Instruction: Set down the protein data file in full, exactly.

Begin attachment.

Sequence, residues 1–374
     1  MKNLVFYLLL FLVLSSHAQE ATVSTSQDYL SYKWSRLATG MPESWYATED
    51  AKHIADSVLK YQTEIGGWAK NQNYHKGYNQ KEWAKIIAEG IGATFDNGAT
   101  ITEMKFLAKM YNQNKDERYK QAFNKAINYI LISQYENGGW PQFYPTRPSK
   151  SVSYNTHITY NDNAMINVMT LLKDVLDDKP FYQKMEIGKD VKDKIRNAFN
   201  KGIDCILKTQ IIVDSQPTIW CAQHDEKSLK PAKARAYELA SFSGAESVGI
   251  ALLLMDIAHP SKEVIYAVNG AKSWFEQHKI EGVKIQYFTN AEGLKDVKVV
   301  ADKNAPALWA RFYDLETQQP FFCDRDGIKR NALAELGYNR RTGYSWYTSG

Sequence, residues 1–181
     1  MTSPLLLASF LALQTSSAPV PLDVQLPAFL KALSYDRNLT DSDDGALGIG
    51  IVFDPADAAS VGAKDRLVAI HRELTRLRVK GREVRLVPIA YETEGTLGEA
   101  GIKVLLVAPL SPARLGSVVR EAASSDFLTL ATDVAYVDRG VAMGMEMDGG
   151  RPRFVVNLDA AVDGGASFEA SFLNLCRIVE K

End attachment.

Sequence, residues 1–374
     1  MKNLVFYLLL FLVLSSHAQE ATVSTSQDYL SYKWSRLATG MPESWYATED
    51  AKHIADSVLK YQTEIGGWAK NQNYHKGYNQ KEWAKIIAEG IGATFDNGAT
   101  ITEMKFLAKM YNQNKDERYK QAFNKAINYI LISQYENGGW PQFYPTRPSK
   151  SVSYNTHITY NDNAMINVMT LLKDVLDDKP FYQKMEIGKD VKDKIRNAFN
   201  KGIDCILKTQ IIVDSQPTIW CAQHDEKSLK PAKARAYELA SFSGAESVGI
   251  ALLLMDIAHP SKEVIYAVNG AKSWFEQHKI EGVKIQYFTN AEGLKDVKVV
   301  ADKNAPALWA RFYDLETQQP FFCDRDGIKR NALAELGYNR RTGYSWYTSG

Sequence, residues 1–181
     1  MTSPLLLASF LALQTSSAPV PLDVQLPAFL KALSYDRNLT DSDDGALGIG
    51  IVFDPADAAS VGAKDRLVAI HRELTRLRVK GREVRLVPIA YETEGTLGEA
   101  GIKVLLVAPL SPARLGSVVR EAASSDFLTL ATDVAYVDRG VAMGMEMDGG
   151  RPRFVVNLDA AVDGGASFEA SFLNLCRIVE K